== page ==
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The first performance of the Eastern Music Festival's faculty and student orchestras took place Friday night in Dana Auditorium. The large crowd was treated to two works in the key of D (could this have been by accident?). The orchestras, having rehearsed less than a week, presented two giant compositions from the repertoire: Beethoven's Violin Concerto, Op. 61 and Brahms' Symphony No. 2, Op. 73.
In 1806, Beethoven (1770-1827) composed his only violin concerto; it was a year that saw several major compositions from the composer. The three-movement concerto is in the traditional fast-slow-fast arrangement, and the first performance took place in Vienna.
At the podium was EMF music director Gerard Schwarz leading the Eastern Festival Orchestra, comprised of the EMF faculty. The soloist was EMF concertmaster and 20-year EMF veteran Jeffrey Multer. In some ways, it was a lovefest – with one of the orchestra's own playing with friends.
The opening is subdued, beginning with five mysterious timpani strokes. A terrific wind section is then heard – intonation and ensemble lovely. During the opening orchestral exposition, Multer played along some, perhaps to dispel some nerves, maybe to make sure he was in tune, or maybe to join with his colleagues.
His opening solo work displayed an elegant, clean sound; not as hearty or beefy as some other violinists, but with a timbre that cut through the orchestra throughout the concerto. One must praise his graceful, lyric playing and the final notes of several phrases that concluded with extreme sensitivity. Not that his passionate playing wasn't as impressive; he easily negotiated the fiendishly difficult virtuosic passages.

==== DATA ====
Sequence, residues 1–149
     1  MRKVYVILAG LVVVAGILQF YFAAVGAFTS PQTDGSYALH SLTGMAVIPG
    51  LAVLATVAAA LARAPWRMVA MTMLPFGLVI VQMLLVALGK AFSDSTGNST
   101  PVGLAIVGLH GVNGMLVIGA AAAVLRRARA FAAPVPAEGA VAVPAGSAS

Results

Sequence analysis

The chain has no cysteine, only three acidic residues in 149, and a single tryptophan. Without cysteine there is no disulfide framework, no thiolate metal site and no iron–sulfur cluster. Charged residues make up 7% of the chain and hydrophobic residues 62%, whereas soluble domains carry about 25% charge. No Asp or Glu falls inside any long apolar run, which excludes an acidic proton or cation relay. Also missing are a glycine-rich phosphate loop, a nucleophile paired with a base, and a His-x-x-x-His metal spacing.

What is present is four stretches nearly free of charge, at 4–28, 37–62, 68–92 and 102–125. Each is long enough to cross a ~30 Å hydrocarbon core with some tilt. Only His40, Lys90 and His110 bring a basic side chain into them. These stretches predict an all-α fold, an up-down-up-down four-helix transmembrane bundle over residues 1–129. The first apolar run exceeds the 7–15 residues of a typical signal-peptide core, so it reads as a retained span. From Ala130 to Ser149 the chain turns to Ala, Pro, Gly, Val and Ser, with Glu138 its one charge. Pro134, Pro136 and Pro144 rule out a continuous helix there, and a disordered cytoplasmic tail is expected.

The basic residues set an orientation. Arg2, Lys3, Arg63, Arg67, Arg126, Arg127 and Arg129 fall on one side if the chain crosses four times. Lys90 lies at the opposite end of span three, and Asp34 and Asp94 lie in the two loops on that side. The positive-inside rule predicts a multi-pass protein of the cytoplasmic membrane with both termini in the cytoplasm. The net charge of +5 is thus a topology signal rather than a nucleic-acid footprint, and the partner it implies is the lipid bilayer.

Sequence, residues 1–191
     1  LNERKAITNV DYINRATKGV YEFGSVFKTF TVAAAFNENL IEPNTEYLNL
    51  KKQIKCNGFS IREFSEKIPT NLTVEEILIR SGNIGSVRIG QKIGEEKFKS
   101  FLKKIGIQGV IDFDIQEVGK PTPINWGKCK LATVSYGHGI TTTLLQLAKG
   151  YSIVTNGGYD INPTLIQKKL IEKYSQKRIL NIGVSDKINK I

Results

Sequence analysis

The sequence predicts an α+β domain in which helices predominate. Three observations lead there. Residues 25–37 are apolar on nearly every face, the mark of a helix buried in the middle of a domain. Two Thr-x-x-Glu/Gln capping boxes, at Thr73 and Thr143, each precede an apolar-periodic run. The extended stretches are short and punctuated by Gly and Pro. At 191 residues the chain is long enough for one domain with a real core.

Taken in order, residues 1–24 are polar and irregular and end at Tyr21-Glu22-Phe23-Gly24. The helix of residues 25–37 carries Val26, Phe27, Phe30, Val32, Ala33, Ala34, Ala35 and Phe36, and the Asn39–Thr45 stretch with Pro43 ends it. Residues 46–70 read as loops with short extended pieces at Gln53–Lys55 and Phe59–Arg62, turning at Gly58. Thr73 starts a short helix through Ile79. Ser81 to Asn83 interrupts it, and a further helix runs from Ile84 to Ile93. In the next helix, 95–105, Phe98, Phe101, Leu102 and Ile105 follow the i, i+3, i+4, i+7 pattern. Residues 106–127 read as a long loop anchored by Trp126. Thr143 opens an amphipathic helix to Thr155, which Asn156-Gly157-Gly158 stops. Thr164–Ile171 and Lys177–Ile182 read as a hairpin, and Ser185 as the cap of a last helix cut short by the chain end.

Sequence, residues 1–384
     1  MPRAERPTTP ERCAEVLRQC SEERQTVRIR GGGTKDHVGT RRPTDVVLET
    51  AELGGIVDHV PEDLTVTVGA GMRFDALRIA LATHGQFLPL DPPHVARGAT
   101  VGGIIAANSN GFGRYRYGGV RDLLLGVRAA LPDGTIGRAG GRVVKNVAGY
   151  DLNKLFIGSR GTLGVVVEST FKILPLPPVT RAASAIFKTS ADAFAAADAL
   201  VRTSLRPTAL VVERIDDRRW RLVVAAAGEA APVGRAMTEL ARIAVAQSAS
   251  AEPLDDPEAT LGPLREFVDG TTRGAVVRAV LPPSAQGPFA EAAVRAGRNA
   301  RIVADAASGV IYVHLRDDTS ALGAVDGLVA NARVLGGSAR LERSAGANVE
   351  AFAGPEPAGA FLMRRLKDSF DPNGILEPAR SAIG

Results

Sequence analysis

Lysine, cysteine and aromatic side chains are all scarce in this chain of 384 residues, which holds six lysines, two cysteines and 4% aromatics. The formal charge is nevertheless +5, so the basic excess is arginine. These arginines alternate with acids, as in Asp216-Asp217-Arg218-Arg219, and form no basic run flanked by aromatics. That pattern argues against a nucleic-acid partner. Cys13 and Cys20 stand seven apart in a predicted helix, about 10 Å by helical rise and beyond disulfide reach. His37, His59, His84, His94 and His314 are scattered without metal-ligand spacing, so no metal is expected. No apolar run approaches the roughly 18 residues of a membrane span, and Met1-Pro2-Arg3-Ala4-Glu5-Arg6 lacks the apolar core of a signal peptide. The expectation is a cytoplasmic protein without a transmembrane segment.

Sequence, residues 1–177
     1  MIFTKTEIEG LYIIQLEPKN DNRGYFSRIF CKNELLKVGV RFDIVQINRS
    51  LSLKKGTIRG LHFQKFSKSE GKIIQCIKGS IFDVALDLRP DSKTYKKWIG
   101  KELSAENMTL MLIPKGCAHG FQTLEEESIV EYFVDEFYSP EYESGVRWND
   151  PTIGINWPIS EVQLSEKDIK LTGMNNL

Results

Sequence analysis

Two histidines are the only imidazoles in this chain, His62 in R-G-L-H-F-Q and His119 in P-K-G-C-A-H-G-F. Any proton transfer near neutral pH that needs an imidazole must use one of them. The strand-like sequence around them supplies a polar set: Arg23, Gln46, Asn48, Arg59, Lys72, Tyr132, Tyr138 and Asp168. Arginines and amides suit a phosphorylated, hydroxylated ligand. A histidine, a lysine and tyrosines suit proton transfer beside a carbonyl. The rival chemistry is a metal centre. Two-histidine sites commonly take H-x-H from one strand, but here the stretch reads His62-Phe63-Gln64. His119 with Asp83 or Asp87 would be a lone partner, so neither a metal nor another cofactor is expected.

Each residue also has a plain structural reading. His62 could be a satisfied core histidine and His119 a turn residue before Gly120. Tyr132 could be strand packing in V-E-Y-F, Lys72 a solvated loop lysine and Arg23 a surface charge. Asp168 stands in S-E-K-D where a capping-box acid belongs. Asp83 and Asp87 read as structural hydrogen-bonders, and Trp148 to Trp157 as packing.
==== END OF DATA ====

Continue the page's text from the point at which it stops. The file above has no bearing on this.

It seemed that Maestro Schwarz and Multer were in no hurry to get anywhere: the opening Allegro non troppo seemed a little slow to me, although during sweeping, dramatic passages Maestro Schwarz pushed the music forward, creating brilliant climaxes. The second movement Larghetto provided calm and lyricism before the rambunctious Rondo bursts on the scene. Spirited playing from both soloist and orchestra characterized the conclusion, and ensemble between the two was spot on, thanks to Schwarz's attentive direction.
Johannes Brahms (1833-1897) came to symphonic composition rather late in his career, penning his First Symphony when he was in his 40s, the reason being the "shadow of Beethoven" that loomed over all composers in the 19th century. Nonetheless, once the First was out of the way, the Second was soon to follow; it is one of the composers most pastoral works, albeit tinged with Brahms' characteristic melancholy.
The 150+ orchestral students who attend EMF all play in one of two orchestras: the Eastern or the Guilford Young Artists Symphony Orchestra. The first two movements of the Brahms were performed by the Eastern orchestra while the last two movements featured the Guilford orchestra. The changing of the guard allowed for a five-minute break in the symphony, something Brahms would probably never have thought of. Leading both student orchestras was Schwarz, whose focused direction helped shape and clarify passages for the musicians, many of whom were probably playing the Brahms for the first time.
The student performance was entirely credible, quite a feat considering the limited number of rehearsals each ensemble had. Indeed, there was some terrific playing, especially the horn and brass playing from the Guilford orchestra and the ensemble work of the strings of the Eastern orchestra. To be sure, there were some intonation problems as well as ensemble issues and occasional flubs, but nothing that detracted from the overall joy of music making.
The student orchestras play every Thursday and Friday nights for the next four weeks; the faculty orchestra is featured on Saturdays. All are worth hearing.
For more information on upcoming summer events with EMF, see our calendar.